(d), (e), and (f) Guardian or Limited Guardian. The child's parent has placed the child in a limited guardianship and has substantially failed, without good cause, to comply with a limited guardianship placement plan.

To terminate parental rights in such a case, the Family Court must find either

 

(i)   that the parent’s failure to comply with a guardianship plan is sufficiently serious that it has disrupted the parent-child relationship; or

(ii)   that a parent who had the ability to provide support for the minor and who had the ability to visit, contact, or communicate with the child, didn’t provide regular and substantial support, without good cause, and substantially failed, without good cause, to visit, contact or communicate  for a period of 2 years or more before the filing of a petition to terminate the parent’s rights.


(g) Failure to Provide Proper Care or Custody. The parent, without regard to intent, fails to provide proper care or custody for the child and there is no reasonable expectation that the parent will be able to provide proper care and custody within a reasonable time considering the child's age.


(h) Parental Imprisonment.
The parent is imprisoned for such a period that the child will be deprived of a normal home for a period exceeding 2 years, and the parent has not provided for the child's proper care and custody, and there is no reasonable expectation that the parent will be able to provide proper care and custody within a reasonable time considering the child's age.


(i)  Prior Termination of Parental Rights. If a parent has previously had her parental rights  to one or more siblings of the child terminated because of serious and chronic neglect or physical or sexual abuse, and prior attempts to rehabilitate the parents have been unsuccessful.


(j) Likelihood of Future Harm. There is a reasonable likelihood, based on the conduct or capacity of the child's parent, that the child will be harmed if he or she is returned to the home of the parent.


(k) Serious Abuse or Neglect. The parent abused the child or a sibling of the child and the abuse included  one or more specific forms of abuse or neglect such as criminal sexual conduct involving penetration, battering, or life-threatening injuries.


(l) Termination of Parental Rights by a Michigan Court or Courts of Another State. The parent's rights to another child were terminated as a result of neglect / abuse proceedings in Michigan or elsewhere.

(m) Voluntary Termination of Parental Rights by a Michigan Court or Courts of Another State. The parent voluntarily agreed to termination of his or her parental rights to another child – either in a Michigan Court or in some other state’s court.

(n) Conviction of Certain Specified Crimes. The parent is convicted of  one or more of the following, and the court determines that continuing the parent-child relationship with the parent would be harmful to the child. These crimes include murder, criminal sexual conduct, or repeated violent crimes. [It isn’t necessary that the crime was committed by a third party instead of the child or the child’s other parent].

 Appeal of an Unfavorable Decision of the Family Court

 An order removing a child or children from a parent’s home, an order placing the child under the supervision of the court, an order  terminating parental rights, or any other final order can be appealed as of right. If the parent cannot afford an attorney, the Family Court will appoint one. Indigent parents are entitled to transcripts of the proceedings at public expense. There are strict time requirements that apply for the filing of such appeals.  Failure to file the appeal within the appropriate time limits will likely result in loss of ability to appeal the decision. Therefore, if your parental rights are terminated, you will want to consult with an attorney promptly.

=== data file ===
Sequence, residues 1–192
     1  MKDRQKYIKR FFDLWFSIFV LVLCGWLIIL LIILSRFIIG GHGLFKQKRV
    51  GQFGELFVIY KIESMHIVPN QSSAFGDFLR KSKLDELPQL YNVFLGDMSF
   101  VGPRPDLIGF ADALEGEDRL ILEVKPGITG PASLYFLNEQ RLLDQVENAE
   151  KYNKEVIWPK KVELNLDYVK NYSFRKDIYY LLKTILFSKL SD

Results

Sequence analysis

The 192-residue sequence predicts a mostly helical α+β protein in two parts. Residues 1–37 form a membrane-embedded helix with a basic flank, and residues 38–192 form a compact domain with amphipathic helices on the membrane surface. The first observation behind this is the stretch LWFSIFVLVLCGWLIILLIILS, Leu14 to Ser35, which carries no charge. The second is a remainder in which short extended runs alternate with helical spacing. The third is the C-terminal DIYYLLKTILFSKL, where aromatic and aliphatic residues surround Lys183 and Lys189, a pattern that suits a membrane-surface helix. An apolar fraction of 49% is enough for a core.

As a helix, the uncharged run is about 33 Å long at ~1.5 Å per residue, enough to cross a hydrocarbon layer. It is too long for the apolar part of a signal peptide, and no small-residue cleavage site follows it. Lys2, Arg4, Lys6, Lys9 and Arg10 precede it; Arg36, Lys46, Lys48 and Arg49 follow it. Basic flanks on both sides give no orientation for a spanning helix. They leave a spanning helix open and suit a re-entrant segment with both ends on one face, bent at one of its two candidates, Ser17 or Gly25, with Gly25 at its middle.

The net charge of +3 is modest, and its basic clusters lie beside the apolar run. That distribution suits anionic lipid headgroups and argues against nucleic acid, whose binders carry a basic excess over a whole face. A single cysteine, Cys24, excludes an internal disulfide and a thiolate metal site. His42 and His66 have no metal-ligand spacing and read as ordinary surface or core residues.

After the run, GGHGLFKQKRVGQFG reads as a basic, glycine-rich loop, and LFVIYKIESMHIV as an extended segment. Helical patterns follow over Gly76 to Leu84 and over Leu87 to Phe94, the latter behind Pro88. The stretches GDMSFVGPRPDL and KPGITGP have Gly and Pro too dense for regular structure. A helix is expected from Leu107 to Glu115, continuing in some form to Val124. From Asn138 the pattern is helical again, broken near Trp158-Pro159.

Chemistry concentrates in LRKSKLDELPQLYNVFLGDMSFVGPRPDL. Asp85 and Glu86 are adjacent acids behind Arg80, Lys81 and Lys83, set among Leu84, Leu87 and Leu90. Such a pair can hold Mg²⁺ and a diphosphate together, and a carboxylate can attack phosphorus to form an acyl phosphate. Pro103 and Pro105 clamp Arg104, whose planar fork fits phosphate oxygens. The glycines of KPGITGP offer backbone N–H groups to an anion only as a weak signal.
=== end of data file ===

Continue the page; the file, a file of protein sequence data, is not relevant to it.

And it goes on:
Disclaimer

The information presented on this website is not intended to serve as a substitute for consultation with an attorney, nor is it intended to create an attorney-client relationship. Specific legal issues, concerns and conditions always require the advice of appropriate legal professional.

To schedule an initial meeting with divorce lawyer Jeanne Hannah or just ask a question, call or send an e-mail today.

Contact Traverse City, Michigan Michigan divorce lawyer, Jeanne Hannah at 231-275-5600
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Family lawyer Jeanne Hannah serves clients throughout Michigan, including Traverse City, Kalkaska, Petoskey, Charlevoix, Beulah, Cadillac, Bellaire, Grand Traverse County, Kalkaska County, Emmet County, Benzie County, Antrim County, and Charlevoix County. © 2005 Jeanne M. Hannah

 

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Jeanne M. Hannah, Family Lawyer
Postal address:5922 Deer Trail Drive, Traverse City, Michigan 49684 • E-mail: jeannemhannah [at] charter.net
 

Practice Areas: Divorce  Custody  Parenting Time  Child Support Post-Judgment Modifications  Paternity  Adoption  Personal Protection Orders  Spousal Support  Property Distribution  Pre-Nuptial / Post-Nuptial Agreements Estate Planning Guardianships/Conservatorships  Neglect/Abuse Cases 

This web site is designed for general information only. The information presented at this site should not be construed to be formal legal advice nor the formation of a lawyer/client relationship. Send mail to jeannemhannah [at] charter.net with questions or comments about this web site.

Copyright © 2005 Jeanne M. Hannah. All rights reserved. Last updated November 2009